While the areas of North 4th and 5th Streets are currently part of Indiana State University, It used to be known as Little Syria, home to many immigrant families.
“I could go through and tell you where every store was located,” said Ray Azar.
As the tarp came off of the newest historical marker at 5th and Cherry, the memories came back.
“I think there were 66 Syrian American owned grocery stores at one time in Terre Haute,” said Azar
While the homes are no longer in the area, ISU and the City of Terre Haute want to show the impact of those founding fathers is still very much alive in the city.
“Today many of these Syrian families remain in Terre Haute and contribute immensely to our community as educators, doctors, lawyers, civil employees, and business owners,” said ISU President, Deborah Curtis.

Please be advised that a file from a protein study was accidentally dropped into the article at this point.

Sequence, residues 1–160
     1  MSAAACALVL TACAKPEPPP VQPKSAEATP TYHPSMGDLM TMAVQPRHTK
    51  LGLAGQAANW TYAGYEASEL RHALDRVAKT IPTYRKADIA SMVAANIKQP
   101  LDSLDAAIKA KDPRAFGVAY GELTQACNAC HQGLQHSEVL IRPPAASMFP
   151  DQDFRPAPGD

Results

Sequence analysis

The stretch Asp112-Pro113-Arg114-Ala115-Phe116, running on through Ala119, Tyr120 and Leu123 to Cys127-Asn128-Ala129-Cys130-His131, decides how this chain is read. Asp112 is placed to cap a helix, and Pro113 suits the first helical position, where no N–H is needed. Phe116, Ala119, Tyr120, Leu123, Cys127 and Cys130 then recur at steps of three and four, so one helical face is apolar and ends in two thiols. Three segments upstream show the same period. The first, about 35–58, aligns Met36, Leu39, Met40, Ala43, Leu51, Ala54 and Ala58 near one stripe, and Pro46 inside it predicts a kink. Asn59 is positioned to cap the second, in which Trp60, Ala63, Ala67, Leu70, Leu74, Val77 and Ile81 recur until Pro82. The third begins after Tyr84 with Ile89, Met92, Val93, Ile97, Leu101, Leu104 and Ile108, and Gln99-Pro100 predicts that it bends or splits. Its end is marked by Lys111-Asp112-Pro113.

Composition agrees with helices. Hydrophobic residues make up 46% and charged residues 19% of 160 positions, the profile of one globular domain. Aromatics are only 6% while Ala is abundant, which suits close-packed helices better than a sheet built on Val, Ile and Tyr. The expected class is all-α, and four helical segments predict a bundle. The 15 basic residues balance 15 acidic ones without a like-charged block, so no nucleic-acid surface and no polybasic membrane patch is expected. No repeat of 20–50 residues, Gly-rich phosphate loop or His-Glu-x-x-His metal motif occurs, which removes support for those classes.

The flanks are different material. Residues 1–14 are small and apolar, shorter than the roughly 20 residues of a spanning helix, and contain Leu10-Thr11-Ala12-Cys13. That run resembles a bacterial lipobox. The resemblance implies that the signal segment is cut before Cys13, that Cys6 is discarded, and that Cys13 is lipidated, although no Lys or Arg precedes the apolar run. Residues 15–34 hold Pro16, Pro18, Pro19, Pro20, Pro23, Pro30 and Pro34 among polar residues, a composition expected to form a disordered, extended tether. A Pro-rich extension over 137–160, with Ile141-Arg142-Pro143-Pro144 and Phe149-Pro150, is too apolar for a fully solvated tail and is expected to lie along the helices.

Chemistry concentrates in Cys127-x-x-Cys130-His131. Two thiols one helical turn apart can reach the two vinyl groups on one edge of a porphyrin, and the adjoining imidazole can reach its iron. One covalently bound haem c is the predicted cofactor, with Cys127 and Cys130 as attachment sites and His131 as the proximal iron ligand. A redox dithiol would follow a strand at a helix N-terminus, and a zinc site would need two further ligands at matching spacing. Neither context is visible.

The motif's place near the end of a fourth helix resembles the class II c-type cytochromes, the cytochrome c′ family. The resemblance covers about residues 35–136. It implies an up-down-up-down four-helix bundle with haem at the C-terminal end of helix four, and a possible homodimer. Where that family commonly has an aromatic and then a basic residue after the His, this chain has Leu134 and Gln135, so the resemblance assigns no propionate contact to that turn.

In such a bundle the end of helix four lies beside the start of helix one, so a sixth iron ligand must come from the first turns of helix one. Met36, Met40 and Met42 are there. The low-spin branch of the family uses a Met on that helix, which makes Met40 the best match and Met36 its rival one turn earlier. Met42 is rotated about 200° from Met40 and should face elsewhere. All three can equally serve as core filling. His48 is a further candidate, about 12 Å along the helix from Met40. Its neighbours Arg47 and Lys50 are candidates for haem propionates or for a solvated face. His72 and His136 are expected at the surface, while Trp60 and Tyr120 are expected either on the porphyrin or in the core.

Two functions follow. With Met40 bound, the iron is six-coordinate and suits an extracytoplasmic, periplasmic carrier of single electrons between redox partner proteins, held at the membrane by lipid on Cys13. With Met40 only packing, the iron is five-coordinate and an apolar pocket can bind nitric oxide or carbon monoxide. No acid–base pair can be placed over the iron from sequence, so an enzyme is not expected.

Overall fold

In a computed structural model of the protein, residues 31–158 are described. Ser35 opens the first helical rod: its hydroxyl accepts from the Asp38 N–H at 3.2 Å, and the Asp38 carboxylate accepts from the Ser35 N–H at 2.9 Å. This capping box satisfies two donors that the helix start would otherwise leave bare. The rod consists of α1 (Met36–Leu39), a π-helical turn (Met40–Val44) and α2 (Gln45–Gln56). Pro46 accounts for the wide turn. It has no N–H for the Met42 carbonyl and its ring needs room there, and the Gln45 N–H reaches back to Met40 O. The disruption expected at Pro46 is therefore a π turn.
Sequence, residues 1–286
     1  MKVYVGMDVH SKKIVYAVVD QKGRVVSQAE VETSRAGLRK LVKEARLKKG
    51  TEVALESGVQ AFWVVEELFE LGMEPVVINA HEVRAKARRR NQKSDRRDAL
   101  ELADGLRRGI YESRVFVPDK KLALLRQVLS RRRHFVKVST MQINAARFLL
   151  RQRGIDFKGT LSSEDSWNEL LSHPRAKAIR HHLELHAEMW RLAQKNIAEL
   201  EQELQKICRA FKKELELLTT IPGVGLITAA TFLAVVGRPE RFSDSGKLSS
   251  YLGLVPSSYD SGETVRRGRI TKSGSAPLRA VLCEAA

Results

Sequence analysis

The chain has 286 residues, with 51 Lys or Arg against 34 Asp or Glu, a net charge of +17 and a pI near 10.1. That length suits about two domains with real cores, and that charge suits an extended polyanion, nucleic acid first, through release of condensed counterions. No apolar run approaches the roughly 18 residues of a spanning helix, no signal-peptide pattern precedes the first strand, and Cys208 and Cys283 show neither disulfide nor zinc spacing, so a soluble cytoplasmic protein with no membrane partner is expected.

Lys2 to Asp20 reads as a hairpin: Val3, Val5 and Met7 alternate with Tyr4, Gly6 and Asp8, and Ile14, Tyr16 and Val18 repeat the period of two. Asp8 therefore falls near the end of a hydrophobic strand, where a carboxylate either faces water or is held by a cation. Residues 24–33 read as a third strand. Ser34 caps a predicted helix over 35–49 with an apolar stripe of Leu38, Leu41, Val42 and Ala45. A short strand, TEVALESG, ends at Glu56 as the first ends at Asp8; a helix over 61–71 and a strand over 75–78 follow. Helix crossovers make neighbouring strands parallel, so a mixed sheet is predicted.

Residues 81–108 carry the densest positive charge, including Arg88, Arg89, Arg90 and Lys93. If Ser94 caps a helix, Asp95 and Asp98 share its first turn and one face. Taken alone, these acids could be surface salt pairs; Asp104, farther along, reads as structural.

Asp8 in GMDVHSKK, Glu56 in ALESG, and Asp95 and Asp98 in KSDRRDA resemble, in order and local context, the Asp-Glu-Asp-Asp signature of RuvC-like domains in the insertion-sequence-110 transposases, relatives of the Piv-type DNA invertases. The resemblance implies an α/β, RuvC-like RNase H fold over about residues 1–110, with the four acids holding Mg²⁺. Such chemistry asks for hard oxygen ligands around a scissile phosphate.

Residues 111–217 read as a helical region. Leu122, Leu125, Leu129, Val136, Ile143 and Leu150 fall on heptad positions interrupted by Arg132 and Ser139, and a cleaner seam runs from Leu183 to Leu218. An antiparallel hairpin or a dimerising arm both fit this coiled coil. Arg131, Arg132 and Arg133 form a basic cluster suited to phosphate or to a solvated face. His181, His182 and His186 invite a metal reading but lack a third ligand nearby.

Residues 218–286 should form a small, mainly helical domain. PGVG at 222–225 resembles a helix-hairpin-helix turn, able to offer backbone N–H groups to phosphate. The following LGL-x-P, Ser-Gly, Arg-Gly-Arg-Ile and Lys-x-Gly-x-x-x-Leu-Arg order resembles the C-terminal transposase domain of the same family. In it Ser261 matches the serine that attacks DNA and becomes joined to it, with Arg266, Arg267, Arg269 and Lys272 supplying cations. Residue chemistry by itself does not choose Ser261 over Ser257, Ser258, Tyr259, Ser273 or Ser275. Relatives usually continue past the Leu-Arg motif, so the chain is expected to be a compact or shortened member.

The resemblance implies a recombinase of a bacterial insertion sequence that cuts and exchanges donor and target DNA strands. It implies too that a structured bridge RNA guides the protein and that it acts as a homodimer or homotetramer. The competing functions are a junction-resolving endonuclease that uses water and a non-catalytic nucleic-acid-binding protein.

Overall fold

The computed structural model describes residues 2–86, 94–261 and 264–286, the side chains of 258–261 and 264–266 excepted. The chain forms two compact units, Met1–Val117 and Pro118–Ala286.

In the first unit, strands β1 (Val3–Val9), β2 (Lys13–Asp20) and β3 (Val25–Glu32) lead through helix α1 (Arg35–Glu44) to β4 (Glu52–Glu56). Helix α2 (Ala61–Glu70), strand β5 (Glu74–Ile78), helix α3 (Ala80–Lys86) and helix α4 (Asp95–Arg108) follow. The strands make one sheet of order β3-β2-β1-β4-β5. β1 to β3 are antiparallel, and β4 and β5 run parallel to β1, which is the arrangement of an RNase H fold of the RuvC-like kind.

For the 2nd and 3rd generations in attendance, the event shows respect to the fore fathers and the challenges they faced and the life lessons and values they passed on so their children could continue the legacy to this day.
“Back in the early 1900’s they came over on boats. No english language. They made it. They persevered. They were hard workers. They worked morning noon and night and quite frankly you see a lot of that even today,” said Kal Ellis.
“They always tried to press upon the children that an education is what you need and i think that message came through,” said Azar.